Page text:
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    Field Story Mobilization | 1 min read

    On the Topic of Need

     

    When you see a missionary at church with a microphone in their hands, you know what they will share—beautiful photos, stories of spiritual darkness, and stories of what God has done. Inevitably, their presentation ends with an ask.

    "Will you pray about giving to this ministry?"

    My wife and I are missionaries. And we ask. We get tired of asking, but we have needs.

    Right now, we have needs. Our first child will be born in May. We need next year's support budget to come in. We need a car seat for the USA. We need a car to put the car seat in.

    We have needs, and we must ask—first God, then others.

    Need, however, can deceive us into feeling inadequate and incompetent. Need reduces our value in an American culture that calculates net worth. Need indicates something wrong and triggers discomfort. Wrongs must be righted; discomfort must be reduced.

    Need means failure. But we forget that all things come from God and we are all completely needy.

    In the NLT translation, the first Beatitude reads, "God blesses those who are poor and realize their need for Him, for the Kingdom of Heaven is theirs" (Matthew 5:3).

    We all must strive to feel our complete dependence on God.

    Sometimes, we recognize the impure motivations when we share the gospel out of guilt or rejoice in someone believing because it validates our work. We need Him.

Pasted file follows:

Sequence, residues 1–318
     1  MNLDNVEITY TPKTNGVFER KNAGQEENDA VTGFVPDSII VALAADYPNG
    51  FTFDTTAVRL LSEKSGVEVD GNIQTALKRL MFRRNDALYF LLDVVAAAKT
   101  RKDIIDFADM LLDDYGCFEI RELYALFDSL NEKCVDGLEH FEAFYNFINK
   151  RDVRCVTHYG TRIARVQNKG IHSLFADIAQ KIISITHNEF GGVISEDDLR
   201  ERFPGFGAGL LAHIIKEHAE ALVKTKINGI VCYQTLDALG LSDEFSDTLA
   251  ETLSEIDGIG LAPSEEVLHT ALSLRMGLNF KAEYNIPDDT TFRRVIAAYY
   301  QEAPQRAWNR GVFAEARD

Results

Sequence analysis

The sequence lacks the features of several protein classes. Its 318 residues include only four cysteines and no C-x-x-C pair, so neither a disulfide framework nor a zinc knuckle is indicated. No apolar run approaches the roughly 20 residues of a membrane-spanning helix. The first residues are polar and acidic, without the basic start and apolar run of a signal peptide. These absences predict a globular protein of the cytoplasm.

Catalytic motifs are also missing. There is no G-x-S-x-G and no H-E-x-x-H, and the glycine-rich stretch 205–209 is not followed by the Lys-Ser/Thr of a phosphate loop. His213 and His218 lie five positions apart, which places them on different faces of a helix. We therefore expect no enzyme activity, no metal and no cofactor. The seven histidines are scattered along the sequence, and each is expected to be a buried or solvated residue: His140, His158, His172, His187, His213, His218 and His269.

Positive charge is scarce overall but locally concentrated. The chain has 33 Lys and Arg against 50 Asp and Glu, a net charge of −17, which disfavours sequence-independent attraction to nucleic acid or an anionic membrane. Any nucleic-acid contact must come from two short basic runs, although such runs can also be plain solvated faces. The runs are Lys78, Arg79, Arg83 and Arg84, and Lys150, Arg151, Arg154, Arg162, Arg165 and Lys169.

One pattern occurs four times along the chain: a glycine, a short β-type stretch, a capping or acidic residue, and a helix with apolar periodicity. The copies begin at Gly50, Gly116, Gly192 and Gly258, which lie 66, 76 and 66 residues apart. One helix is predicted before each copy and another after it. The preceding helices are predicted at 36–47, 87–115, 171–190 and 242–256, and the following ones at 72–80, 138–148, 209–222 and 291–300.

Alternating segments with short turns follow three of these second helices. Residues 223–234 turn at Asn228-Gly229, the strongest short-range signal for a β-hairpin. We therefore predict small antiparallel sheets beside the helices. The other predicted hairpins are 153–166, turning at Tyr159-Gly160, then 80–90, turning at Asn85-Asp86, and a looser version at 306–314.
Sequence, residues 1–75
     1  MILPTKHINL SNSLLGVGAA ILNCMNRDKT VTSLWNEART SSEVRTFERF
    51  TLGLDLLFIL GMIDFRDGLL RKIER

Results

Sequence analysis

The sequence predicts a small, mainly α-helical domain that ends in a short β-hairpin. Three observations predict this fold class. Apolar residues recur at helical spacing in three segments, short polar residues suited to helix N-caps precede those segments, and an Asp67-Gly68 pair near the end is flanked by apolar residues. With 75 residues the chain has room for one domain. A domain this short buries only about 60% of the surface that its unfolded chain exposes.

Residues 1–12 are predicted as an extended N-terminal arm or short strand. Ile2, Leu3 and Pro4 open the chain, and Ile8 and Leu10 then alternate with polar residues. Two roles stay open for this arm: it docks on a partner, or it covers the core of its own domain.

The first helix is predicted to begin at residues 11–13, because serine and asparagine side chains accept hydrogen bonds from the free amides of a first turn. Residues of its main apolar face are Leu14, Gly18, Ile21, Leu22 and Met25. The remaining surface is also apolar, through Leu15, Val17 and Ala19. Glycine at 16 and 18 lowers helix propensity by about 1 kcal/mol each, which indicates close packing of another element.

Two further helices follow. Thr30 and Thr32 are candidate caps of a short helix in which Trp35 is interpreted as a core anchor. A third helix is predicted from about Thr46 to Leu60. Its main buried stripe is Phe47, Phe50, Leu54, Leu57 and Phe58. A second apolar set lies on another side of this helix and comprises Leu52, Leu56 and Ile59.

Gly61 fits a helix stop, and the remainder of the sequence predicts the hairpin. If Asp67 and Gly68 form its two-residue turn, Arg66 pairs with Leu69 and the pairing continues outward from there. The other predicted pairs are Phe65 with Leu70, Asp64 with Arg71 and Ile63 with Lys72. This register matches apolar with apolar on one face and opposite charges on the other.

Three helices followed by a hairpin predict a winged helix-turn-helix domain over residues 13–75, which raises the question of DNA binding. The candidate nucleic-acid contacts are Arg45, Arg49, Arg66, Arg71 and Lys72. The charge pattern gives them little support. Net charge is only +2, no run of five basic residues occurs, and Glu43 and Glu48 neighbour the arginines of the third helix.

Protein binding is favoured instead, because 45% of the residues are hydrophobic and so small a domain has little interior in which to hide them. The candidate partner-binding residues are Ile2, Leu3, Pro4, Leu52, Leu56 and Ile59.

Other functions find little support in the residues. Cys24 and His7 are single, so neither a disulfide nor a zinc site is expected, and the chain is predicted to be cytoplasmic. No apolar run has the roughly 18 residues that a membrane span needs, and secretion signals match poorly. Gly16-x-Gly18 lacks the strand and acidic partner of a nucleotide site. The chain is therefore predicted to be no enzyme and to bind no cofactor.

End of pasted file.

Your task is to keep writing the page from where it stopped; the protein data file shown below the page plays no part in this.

Sometimes, we see the need for a vehicle or a one-time gift or a car seat. We need Him.

    The key to life is to be content in Him even in our complete need, surrendering to His power to provide.

    We have grown in trusting for all things to come from Him in our complete need—physical and spiritual. Some things come amazingly. Some things we wait for. We have more growing to do.

    Are you feeling content only when you have what you need? Or are you recognizing your need in Him for all things and finding contentment in Him, even in your need?

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    Field Story Mobilization

    Field Worker

    East-West's missionaries and national partners are stationed in nearly 50 countries around the world that are categorized as unreached or restricted access. For security reasons, we do not disclose their identities.